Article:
Ford On Film

Chronicles of a silver screen addict

Category Archives: Reviews

Baby Driver is a fun heist thriller – as long as it stays on the road

Having made a career out of amusingly deconstructing genre films, from zombie (Shaun of the Dead) to action (Hot Fuzz) to sci-fi (The World’s End), Edgar Wright has finally made his own genre film with his long-awaited passion project, heist thriller Baby Driver. Unfortunately, by approaching the familiar story of a getaway driver forced into …

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The Eyes of My Mother is too horrific for the arthouse crowd, and too arty for the horror crowd

At what point does an art film become shlock? The Eyes of My Mother, Nicolas Pesce’s hideously unpleasant debut feature, is clearly aiming for the arthouse crowd; filmed in stark black-and-white, the film is too slow and uncompromising to reach mainstream horror fans. However, the levels of gore and psychological torture on display have mostly …

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Prevenge gets by on the creepy charms of director/writer/star Alice Lowe

Having made a name for herself starring in low-budget black comedies like Garth Marenghi’s Darkplace and Sightseers, it’s only fitting that Alice Lowe’s directorial debut Prevenge follows a similar strand of broad humour and bloody mayhem. Written by and starring Lowe as Ruth, a heavily-pregnant woman whose unborn baby convinces her to go on a killing …

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The Best Films You’ve Never Seen #3: Afterschool

In this semi-regular feature, I discuss some of the best films which had low box office earnings, found little audience, or have otherwise been forgotten about over time. Despite dominating the lives of teenagers for over a decade, very few films have focused on ‘the youtube generation’. Apart from a few teen comedies that show …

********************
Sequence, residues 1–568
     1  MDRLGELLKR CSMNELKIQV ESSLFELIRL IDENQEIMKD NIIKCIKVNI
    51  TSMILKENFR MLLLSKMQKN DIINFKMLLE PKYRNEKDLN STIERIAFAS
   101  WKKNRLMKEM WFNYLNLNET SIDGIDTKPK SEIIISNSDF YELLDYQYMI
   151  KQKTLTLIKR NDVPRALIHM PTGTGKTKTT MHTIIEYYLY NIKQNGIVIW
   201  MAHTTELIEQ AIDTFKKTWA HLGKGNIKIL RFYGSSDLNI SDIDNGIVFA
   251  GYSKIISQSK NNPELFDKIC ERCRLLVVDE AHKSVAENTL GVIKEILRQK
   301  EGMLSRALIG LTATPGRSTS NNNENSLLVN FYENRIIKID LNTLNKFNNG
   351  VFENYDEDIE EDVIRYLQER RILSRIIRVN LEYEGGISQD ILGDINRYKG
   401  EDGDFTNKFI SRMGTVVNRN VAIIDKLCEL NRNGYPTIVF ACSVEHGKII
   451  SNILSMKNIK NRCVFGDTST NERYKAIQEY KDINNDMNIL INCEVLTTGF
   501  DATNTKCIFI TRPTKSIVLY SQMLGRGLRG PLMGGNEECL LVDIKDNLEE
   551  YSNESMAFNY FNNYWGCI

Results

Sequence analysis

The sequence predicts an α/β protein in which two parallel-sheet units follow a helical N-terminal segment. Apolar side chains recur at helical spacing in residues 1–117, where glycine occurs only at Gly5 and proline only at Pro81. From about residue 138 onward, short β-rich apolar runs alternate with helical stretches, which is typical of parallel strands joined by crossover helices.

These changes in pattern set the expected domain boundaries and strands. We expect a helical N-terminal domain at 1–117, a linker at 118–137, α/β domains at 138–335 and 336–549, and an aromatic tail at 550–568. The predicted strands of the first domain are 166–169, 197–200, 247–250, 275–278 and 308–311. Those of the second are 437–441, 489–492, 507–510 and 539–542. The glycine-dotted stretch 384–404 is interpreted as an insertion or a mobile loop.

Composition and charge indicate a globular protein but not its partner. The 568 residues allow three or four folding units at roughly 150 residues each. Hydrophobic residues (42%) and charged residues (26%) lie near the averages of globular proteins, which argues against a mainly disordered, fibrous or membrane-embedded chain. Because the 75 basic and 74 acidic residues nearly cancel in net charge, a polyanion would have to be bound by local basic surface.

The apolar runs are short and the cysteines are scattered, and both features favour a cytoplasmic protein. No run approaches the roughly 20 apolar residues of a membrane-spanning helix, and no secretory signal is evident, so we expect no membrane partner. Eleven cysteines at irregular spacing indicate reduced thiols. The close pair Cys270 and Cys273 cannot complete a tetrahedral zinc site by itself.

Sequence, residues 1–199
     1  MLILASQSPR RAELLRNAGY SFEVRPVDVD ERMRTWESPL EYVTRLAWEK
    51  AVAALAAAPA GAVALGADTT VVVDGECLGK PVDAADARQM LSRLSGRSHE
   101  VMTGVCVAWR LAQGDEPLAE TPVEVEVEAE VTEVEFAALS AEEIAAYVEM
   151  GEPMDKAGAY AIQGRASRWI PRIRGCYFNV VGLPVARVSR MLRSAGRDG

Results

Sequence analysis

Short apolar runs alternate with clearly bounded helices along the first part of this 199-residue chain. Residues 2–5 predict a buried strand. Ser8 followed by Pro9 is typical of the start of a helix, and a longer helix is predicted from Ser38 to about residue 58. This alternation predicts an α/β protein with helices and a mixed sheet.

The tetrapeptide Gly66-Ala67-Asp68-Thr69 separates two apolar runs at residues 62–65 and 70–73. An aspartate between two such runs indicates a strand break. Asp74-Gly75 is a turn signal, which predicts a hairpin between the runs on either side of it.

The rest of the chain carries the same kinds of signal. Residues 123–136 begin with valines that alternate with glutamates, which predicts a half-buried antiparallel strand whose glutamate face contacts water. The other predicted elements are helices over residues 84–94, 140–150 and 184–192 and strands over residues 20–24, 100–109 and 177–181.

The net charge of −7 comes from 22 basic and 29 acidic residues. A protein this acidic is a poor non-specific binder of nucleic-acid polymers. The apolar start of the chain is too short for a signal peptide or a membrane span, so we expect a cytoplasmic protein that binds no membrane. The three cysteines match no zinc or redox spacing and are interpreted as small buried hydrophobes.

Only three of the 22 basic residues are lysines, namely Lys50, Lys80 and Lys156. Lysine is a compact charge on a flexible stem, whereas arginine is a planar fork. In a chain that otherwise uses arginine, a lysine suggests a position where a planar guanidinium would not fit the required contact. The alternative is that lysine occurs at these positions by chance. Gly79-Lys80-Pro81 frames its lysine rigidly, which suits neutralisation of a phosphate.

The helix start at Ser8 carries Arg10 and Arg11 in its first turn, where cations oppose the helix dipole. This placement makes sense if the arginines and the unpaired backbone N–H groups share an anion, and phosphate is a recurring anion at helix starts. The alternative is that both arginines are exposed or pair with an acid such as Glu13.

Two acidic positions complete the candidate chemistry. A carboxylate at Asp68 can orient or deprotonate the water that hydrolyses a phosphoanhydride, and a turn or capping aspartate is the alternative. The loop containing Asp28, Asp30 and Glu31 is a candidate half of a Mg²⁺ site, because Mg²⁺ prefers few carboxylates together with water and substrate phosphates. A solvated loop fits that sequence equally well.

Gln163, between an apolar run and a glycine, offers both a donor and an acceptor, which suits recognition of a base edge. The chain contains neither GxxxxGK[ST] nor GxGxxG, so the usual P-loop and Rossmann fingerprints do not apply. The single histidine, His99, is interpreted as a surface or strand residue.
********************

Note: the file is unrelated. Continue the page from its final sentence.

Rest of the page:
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Modern Masterpieces #7: Mulholland Drive

Some films demand to be scrutinised; intricate films with difficult plots, hidden details, and perception-altering twists are often watched and re-watched constantly by fans desperate to discover the film’s real meaning. On the surface, David Lynch’s 2001 magnum opus Mulholland Drive is such a film. Its dreamlike structure is disorientating, asking audiences to notice subtle hints and …

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The Handmaiden is a twisting, turning revival of the erotic thriller

Sensual isn’t the first word that comes to mind when you think of South Korean auteur Park Chan-wook. After all, this is the director behind such brutal films as Oldboy, Lady Vengeance, and Stoker. It’s surprising, then, to see his latest film The Handmaiden, the story of an orphan sent to work for a mysterious …

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Rebecca Hall should have dominated awards season for her performance in Christine

Should a biopic about Christine Chubbuck exist? Many believe the story of the young news anchor who shot herself live on air in 1974 should never be made, out of respect for the dead. A recent documentary, Kate Plays Christine, focused on the very topic, concluding that making a film about Chubbuck could only be …

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Is T2 Trainspotting a worthy sequel to one of the greatest British films of all time?

No film has been quite as hyped up on this blog as Danny Boyle’s long-awaited sequel to his 1996 classic Trainspotting. Ever since Boyle announced he was reuniting with producer Andrew MacDonald, screenwriter John Hodges, and the original cast to work on the then-unnamed follow-up, I’ve been anticipating its premiere with excitement and minor anxiety. …

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La La Land tells a familiar story in a hugely entertaining way

In just two films, Damien Chazelle has announced himself as one of the boldest, most unashamedly old-fashioned directors of his generation. After achieving Oscar-glory with Whiplash, a blistering thriller set in the unique world of jazz drumming, Chazelle is back with another love letter to jazz that’s sweeping the awards season. A full-blown musical, La …

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Manchester by the Sea might just break your heart

Is there a harder emotion for actors to portray than depression? Even the most acclaimed performances tend to be over-the-top, wailing to heaven above and unleashing floods of tears to show the audience how upset they are (see: Sean Penn in Mystic River, Halle Berry in Monster’s Ball). In Kenneth Lonergan’s incredible Manchester by the …

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